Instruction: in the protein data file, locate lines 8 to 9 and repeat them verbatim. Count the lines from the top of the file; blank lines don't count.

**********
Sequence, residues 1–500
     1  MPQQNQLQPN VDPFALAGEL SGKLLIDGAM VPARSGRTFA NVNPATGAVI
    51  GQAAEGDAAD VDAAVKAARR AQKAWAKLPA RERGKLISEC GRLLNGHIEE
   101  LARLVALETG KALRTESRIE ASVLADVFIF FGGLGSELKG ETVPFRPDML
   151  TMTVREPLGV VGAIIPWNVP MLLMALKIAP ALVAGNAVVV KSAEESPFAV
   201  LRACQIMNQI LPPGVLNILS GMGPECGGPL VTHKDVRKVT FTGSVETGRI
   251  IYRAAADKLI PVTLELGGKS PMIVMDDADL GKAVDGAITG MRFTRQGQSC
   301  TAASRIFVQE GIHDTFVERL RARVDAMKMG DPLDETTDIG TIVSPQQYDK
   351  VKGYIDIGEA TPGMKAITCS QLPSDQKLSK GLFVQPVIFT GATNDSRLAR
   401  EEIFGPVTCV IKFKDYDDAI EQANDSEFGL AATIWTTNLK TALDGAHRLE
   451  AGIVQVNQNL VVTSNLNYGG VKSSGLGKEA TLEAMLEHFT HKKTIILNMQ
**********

   301  TAASRIFVQE GIHDTFVERL RARVDAMKMG DPLDETTDIG TIVSPQQYDK
   351  VKGYIDIGEA TPGMKAITCS QLPSDQKLSK GLFVQPVIFT GATNDSRLAR